The expedition left the fort in December 1770. Samuel Hearne followed the lead of his Dene guides – in what he wore, how he traveled, what he ate. He understood that his life was in the hands of a capable Arctic people. Still the troupe faced feast or famine principles of the North. Days went by when no caribou could be shot and no fish caught. On the tundra, where no trees grew, and cold rains would soak the mosses they relied on for making fires, Hearne learned to eat raw meat with the others.
The Copper People
Along the way, Samuel Hearne met the T’satsąot’ınę, whom he called Copper Indians. Culminating in a great feast of dry meat and fat, the Copper people proclaimed their eagerness to join Hearne. They reached the Arctic coast in July 1771 where Hearne believed his were the first European eyes to see this ocean. Near the mouth of the Coppermine River, they came across a camp of Inuit families and a bloody battle took place. It was a slaughter and plunder, a tragic event in the eyes of Hearne who could do little but observe as the Inuit were killed.
And the copper that he was tasked to find was hardly the thing of lore. Hearne was no expert in judging the value of rocks or their geology, but his description of “jumbles of rock and gravel” speaks of disappointment. Having traveled so far was an achievement in itself. Still, Hearne must have felt regret that the Coppermine River did not live up to its name. On the return trek, Hearne and Matonabbee followed what we now call the Beaulieu River (90 km east of Yellowknife) back to Great Slave Lake, arriving home on Hudson’s Bay in June 1772 after one and a half years.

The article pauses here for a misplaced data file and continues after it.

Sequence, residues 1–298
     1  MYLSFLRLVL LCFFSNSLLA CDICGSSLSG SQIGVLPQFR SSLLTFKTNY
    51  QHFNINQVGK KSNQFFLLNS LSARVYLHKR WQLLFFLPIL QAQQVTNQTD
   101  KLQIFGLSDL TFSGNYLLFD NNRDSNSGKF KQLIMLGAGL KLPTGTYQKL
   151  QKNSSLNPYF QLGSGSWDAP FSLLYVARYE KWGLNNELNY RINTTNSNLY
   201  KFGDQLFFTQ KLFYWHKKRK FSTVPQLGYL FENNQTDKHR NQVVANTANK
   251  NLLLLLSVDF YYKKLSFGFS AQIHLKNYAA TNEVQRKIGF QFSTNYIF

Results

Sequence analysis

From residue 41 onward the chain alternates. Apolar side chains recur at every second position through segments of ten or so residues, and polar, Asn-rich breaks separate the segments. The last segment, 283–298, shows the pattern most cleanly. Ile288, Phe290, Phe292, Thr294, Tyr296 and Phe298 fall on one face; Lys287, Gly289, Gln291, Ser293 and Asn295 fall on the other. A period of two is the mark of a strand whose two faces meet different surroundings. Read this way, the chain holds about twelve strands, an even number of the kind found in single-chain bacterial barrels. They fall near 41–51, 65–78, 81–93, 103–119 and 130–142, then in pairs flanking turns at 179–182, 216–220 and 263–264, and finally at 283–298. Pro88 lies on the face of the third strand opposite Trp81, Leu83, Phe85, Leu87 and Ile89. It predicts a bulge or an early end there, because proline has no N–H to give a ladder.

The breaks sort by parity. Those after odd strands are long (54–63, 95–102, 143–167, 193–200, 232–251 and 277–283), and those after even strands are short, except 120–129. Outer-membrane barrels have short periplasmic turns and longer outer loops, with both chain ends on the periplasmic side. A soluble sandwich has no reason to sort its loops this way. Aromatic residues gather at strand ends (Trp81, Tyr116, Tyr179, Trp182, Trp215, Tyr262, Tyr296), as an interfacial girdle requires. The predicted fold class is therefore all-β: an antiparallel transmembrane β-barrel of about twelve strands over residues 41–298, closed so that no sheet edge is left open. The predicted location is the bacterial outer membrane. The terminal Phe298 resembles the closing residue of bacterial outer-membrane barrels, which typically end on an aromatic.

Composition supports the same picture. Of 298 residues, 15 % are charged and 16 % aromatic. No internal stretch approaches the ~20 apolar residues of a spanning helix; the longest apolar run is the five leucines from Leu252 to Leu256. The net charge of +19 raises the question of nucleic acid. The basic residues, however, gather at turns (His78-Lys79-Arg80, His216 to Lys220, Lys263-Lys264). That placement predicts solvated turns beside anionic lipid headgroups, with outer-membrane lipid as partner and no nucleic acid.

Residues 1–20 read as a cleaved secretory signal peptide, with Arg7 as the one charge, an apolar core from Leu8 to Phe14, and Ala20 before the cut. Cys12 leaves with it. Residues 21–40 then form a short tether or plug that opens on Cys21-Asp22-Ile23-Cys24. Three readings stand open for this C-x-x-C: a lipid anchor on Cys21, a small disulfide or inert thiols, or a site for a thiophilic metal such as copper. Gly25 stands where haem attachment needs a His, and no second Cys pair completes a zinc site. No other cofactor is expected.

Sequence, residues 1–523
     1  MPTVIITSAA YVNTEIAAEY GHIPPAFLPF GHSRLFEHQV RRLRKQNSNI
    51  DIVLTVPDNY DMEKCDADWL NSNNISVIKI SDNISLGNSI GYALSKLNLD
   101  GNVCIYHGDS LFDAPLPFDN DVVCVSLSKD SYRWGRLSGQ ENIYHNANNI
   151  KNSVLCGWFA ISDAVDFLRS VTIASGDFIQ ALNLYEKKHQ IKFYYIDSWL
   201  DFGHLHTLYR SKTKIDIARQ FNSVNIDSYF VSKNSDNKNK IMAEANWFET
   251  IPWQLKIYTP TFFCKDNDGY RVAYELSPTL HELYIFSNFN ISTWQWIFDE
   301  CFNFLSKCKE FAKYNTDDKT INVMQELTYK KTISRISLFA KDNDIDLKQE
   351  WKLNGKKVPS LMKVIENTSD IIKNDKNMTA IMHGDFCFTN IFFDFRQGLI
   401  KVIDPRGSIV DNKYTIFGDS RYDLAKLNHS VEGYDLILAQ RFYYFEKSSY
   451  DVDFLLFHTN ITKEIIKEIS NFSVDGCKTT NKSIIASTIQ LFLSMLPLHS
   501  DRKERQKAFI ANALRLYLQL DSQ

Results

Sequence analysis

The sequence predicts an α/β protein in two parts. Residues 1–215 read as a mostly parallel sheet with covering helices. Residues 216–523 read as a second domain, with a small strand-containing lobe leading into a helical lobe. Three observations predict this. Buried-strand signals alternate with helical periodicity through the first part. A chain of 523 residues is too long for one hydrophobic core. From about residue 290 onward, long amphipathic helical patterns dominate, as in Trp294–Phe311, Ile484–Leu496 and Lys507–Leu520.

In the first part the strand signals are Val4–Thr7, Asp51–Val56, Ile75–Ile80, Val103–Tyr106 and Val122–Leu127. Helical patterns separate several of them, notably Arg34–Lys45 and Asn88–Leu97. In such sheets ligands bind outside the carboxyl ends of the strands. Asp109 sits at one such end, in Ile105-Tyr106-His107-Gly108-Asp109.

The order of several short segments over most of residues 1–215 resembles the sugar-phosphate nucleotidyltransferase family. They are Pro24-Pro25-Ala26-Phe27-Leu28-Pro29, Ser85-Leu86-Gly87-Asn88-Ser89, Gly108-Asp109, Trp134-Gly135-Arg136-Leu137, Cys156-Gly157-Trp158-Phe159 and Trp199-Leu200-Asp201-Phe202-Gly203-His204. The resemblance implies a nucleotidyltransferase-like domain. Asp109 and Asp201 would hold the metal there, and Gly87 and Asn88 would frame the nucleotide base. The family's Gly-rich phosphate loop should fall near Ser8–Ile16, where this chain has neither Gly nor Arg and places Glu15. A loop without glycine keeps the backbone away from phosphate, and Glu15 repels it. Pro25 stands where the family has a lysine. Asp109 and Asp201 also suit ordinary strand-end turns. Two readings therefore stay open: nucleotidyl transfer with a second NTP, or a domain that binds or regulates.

Hearne’s expedition proved of little worth to the HBC. The fantastic copper was a fable, and the fur resources of the tundra were negligible. To the ethnographer, Hearne’s written account of the Dene is priceless. The T’satsąot’ınę are the ancestors of the people who now call themselves the Yellowknives Dene. His published journal was the first European description of their culture and customs. Hearne respected the independence that the northern Dene enjoyed, and thought them happier than the southern tribes that were entwined with the fur trade. How long, he pondered, could the Copper people remain so?
None of Hearne’s ethnographic ideals meant much as the HBC strategic pursuit of fur continued. The destruction of their forts on Hudson’s Bay by the French Navy in 1782 disrupted HBC hegemony and marked a transitioning of power and personalities in the fur trade. Samuel Hearne was taken prisoner by the French and eventually returned to England to live out his days. Many Chipewyan subsequently died of disease and in Hearne’s final pages, he sadly records the death of Matonabbee and his family soon after the fall of Prince of Wales Fort.
The HBC was one of many business interests asserting influence in Western Canada. Independent American, British, French, and Scottish traders competed with the HBC, and in the 1780s they became organized to the point where they could dispatch Canadian voyageurs deeper into the north-
west and make new alliances with aboriginal groups along the way. Soon they crossed over from Rupert’s Land into the Mackenzie River watershed. The fur trade was about to enter Yellowknife Bay on Great Slave Lake.
To be continued…
Ryan Silke is a Yellowknife historian.